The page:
Early Proetid Trilobites From Northern Europe

2015-07-30T17:10:56Z (GMT) by Robert Maurice Owens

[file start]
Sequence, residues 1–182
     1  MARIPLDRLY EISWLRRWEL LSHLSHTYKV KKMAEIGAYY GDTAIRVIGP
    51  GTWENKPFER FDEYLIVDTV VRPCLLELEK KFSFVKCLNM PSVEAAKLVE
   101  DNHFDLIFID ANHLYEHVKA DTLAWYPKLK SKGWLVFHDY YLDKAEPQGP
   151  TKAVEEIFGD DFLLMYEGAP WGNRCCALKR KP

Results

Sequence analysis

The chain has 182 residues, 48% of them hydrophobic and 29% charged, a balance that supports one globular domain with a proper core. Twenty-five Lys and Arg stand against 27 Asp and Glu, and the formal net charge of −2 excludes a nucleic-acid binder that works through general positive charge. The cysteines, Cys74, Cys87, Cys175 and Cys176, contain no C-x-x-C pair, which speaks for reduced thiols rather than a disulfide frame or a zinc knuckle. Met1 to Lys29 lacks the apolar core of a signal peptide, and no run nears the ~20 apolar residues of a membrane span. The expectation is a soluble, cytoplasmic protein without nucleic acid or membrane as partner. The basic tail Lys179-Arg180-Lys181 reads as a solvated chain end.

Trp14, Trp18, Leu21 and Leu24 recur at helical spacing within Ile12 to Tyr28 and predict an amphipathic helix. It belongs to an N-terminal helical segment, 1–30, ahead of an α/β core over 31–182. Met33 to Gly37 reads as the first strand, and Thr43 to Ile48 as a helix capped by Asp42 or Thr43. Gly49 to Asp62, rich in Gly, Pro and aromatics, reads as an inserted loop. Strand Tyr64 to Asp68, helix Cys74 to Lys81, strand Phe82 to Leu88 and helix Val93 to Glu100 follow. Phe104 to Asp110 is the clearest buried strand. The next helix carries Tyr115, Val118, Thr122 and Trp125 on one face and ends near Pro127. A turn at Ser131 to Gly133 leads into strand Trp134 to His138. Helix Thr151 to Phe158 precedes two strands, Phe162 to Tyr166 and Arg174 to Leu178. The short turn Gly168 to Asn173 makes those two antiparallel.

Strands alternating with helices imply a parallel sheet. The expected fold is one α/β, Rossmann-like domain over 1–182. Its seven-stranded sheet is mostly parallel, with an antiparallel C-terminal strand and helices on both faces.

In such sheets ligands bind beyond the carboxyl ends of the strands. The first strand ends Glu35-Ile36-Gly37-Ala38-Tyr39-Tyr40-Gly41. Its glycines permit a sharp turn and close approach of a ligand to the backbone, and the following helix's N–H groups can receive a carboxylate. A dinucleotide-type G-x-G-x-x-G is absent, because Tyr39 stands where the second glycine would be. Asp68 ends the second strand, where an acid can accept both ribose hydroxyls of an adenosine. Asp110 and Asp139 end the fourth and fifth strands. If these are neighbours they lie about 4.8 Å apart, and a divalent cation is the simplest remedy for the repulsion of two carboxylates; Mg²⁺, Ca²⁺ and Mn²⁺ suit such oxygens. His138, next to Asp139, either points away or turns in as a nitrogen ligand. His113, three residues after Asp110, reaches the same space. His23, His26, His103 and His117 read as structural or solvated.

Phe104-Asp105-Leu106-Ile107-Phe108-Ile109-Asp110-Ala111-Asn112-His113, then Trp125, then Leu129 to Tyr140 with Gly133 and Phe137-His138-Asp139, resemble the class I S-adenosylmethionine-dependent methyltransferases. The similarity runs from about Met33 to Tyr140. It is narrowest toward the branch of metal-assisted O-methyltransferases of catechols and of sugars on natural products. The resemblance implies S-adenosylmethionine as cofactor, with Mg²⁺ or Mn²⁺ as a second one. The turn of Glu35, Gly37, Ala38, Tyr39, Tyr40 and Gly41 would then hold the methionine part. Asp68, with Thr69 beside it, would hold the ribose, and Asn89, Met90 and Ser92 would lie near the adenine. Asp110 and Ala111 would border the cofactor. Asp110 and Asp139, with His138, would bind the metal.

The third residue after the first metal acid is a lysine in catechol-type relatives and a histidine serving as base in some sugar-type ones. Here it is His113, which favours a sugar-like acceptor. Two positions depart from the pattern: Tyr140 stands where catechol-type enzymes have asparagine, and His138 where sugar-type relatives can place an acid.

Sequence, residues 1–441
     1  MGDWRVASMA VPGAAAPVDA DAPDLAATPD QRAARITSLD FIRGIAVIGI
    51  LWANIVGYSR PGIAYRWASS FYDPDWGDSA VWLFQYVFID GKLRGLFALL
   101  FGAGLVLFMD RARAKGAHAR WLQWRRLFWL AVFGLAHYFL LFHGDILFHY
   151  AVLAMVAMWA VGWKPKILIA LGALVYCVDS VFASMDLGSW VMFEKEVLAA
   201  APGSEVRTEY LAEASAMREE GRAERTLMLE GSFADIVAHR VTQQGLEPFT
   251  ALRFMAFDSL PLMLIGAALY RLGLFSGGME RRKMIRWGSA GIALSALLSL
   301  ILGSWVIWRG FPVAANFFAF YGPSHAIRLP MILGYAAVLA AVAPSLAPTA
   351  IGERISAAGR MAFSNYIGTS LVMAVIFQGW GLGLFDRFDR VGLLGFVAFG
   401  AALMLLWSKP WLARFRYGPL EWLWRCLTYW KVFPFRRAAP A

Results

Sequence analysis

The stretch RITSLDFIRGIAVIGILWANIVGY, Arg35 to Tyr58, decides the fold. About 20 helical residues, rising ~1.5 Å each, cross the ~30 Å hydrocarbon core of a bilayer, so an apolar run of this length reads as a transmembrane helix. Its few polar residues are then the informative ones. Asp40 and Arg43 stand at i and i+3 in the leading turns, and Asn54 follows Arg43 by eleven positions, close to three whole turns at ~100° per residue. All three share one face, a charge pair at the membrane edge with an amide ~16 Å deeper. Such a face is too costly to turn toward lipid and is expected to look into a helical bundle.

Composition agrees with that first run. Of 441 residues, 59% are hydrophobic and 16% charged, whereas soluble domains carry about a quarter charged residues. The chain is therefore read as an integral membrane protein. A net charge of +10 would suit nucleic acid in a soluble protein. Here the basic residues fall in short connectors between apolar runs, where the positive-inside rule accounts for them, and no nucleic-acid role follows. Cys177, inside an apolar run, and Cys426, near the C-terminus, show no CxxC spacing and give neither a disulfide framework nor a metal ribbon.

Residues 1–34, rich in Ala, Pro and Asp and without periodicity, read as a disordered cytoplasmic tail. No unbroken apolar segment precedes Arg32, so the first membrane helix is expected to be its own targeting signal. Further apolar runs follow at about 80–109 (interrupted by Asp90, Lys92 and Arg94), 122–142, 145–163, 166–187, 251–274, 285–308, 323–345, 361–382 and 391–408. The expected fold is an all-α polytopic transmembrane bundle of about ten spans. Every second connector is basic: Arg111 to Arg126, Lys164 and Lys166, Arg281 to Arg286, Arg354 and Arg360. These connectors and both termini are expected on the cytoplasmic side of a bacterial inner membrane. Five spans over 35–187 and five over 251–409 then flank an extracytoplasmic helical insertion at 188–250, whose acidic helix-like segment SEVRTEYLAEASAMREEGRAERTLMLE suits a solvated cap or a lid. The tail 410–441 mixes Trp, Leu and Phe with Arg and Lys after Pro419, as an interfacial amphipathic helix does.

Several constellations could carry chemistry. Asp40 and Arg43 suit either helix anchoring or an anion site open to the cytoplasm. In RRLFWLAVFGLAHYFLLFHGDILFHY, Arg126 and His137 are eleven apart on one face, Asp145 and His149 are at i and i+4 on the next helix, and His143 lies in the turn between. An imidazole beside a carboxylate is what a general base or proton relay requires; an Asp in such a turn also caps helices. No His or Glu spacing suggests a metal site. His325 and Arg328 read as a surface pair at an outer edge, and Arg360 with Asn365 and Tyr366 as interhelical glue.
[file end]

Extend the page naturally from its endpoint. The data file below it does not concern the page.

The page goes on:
All known Lower Palaeozoic proetid trilobites from northern Europe have been examined, and those from the Ordovician of the British Isles and Scandinavia and those from the Silurian of the British Isles and Bohemia are described in detail. Closely related species from other areas are figured for comparison. Members of 23 proetid genera, 8 of which are new, are described and figured. 113 species have been investigated, 36 of which are new. The Lower Palaeozoic proetids have hitherto been poorly understood and neglected, and in this thesis they are comprehensively treated as a group for the first time. With their description and figuring, it is now possible to propose a provisional phylogeny for the earlier Proetidae, and to attempt to seek the origins of many important Devonian genera. Of morphological features, the most useful characters for classification are found in the pygidium. Cephalic characters tend to be less reliable. The rostral plate is always subtriangular or trapezoidal in outline, and in all except one case the connective sutures converge backwards. The preannulus has been found to be restricted to the subfamilies Proetinae and Cornuproetinae. From this study it appears as if at least two main lines of proetid trilobites extend well back into the Ordovician, and there may well be a case in the future for recognising two distinct families. The origin of the Proetidae remains problematical, but they could have their origins in Cambro-Ordovician Hystricurine trilobites, some of which, like the proetids, have a trapezoidal rostral plate.




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